Contact

To learn more about the living donation program:

Watch: What to Expect with Living Kidney Donation

The purpose of kidney transplantation is to give a healthy kidney to a person who has kidney disease. A successful kidney transplant may prevent the need for dialysis and the complications associated with kidney failure.

After initial screening, living donor candidates undergo a careful and thorough evaluation process which includes multiple tests and consultations to determine if they are eligible for donation. If approved for donation, a surgery date is scheduled.

If you are a living kidney donor and you later need to be listed for a kidney transplant, you will be prioritized on the national deceased donor kidney waitlist.

Surgery & Recovery

The donor surgery will be conducted under general anesthesia. The surgeon will place three small holes in the donor’s abdomen for a camera and surgical instruments, and one incision will be made to remove the kidney. Once the kidney is removed, the abdomen will be closed.

A small IV tube and a urinary tube (catheter) will be in place for 1-2 days after surgery, and most donors remain in the hospital for 2-3 days. The care team works closely with the donor to minimize post-operative pain.

Feeling more tired than usual for a few months after the surgery is common. Depending on any physical requirements of the job, most donors are able to return to work in 2-6 weeks.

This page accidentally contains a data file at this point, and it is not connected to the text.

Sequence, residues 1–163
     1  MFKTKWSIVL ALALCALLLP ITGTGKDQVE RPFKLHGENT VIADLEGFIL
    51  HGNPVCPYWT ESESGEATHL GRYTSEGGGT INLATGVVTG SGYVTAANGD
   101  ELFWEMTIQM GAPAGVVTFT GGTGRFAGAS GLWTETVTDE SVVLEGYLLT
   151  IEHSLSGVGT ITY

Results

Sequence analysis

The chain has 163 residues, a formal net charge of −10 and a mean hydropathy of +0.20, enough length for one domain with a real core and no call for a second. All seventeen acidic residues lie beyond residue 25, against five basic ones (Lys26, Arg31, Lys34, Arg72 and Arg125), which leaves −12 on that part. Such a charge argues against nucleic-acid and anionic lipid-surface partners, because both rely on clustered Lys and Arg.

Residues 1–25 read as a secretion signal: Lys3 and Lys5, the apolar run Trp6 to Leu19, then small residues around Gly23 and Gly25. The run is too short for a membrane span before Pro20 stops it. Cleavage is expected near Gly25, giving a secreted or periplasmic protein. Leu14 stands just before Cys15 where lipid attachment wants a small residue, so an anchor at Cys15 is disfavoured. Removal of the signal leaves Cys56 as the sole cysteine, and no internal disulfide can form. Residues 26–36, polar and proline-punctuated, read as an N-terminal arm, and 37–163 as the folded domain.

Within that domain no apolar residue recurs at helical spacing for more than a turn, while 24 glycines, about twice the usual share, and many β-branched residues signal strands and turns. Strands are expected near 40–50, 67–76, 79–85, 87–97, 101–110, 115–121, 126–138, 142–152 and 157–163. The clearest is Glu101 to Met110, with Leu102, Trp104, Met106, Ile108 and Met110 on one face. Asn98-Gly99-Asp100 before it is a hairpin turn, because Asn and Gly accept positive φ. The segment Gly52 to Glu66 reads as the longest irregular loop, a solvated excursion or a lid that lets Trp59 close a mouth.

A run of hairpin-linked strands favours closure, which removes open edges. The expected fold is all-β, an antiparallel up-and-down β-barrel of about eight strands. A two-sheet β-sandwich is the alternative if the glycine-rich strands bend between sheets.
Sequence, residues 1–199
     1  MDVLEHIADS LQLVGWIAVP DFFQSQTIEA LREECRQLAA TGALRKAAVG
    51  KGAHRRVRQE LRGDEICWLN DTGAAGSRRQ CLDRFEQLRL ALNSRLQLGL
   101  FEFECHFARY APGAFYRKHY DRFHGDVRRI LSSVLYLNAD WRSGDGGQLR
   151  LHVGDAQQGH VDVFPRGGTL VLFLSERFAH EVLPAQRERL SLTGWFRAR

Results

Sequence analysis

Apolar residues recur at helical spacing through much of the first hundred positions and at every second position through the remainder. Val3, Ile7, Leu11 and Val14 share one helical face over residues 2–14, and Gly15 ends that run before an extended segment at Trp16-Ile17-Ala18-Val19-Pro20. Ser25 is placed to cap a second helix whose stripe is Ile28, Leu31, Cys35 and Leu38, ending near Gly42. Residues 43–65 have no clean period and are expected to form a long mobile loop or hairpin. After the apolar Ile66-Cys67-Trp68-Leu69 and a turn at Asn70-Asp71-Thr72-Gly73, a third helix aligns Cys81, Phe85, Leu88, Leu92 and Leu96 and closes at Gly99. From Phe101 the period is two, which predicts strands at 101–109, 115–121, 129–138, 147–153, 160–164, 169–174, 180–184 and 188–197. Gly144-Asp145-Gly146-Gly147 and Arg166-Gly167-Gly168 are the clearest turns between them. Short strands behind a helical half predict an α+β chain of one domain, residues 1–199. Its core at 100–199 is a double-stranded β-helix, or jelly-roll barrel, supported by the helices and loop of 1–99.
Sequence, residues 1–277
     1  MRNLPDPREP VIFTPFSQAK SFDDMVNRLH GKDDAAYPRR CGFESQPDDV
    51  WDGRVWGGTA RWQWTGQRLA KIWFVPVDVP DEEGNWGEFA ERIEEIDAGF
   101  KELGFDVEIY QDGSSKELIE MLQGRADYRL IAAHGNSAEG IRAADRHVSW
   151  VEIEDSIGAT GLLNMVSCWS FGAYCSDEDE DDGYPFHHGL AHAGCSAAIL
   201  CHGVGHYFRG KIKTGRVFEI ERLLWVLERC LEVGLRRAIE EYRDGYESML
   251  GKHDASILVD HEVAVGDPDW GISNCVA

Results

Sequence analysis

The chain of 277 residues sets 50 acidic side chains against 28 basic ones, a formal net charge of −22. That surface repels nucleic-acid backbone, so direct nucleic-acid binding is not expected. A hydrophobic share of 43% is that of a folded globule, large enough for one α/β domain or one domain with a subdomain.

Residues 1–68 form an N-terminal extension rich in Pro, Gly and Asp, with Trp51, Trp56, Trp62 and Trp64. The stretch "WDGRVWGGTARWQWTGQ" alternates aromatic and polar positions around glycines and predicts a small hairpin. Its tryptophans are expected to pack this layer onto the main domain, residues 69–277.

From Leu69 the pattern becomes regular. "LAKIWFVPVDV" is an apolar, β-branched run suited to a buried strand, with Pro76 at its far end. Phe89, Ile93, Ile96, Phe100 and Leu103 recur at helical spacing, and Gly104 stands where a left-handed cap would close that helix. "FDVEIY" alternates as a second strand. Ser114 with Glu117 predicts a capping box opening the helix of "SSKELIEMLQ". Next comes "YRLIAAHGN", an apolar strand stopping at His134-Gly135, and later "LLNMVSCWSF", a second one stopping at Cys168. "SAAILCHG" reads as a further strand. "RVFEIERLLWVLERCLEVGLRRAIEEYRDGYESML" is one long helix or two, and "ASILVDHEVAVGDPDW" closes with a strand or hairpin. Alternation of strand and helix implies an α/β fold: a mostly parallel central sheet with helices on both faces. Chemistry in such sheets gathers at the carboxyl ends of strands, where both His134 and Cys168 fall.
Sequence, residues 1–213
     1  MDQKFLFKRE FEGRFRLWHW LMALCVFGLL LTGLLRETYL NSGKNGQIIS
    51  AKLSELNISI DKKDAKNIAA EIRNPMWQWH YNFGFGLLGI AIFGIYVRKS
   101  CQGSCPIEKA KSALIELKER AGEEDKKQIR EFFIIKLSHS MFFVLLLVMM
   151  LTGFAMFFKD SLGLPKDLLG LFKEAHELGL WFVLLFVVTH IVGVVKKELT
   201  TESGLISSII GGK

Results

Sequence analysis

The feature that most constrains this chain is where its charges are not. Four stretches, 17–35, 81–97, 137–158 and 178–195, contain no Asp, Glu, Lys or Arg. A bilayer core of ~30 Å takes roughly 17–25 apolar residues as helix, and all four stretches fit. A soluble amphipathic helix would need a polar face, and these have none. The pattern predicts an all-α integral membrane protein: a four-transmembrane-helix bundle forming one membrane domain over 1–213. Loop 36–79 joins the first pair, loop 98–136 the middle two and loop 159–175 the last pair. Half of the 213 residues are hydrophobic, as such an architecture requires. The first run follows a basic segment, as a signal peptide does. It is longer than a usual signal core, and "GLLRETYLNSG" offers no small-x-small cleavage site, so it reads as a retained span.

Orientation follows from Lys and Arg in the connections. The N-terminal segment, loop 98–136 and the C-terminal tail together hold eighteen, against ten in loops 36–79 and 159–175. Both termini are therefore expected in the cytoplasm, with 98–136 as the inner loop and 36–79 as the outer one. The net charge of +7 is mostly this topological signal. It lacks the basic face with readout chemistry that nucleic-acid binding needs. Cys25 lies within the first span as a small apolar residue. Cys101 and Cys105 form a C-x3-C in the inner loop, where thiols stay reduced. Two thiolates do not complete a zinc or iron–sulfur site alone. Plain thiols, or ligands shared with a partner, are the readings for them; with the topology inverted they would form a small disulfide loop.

What to Expect with Living Kidney Donation

Watch: What to Expect with Living Kidney Donation

The purpose of kidney transplantation is to give a healthy kidney to a person who has kidney disease. A successful kidney transplant may prevent the need for dialysis and the complications associated with kidney failure.

After initial screening, living donor candidates undergo a careful and thorough evaluation process which includes multiple tests and consultations to determine if they are eligible for donation. If approved for donation, a surgery date is scheduled.

If you are a living kidney donor and you later need to be listed for a kidney transplant, you will be prioritized on the national deceased donor kidney waitlist.

Surgery & Recovery

The donor surgery will be conducted under general anesthesia. The surgeon will place three small holes in the donor’s abdomen for a camera and surgical instruments, and one incision will be made to remove the kidney. Once the kidney is removed, the abdomen will be closed.

A small IV tube and a urinary tube (catheter) will be in place for 1-2 days after surgery, and most donors remain in the hospital for 2-3 days. The care team works closely with the donor to minimize post-operative pain.

Feeling more tired than usual for a few months after the surgery is common. Depending on any physical requirements of the job, most donors are able to return to work in 2-6 weeks.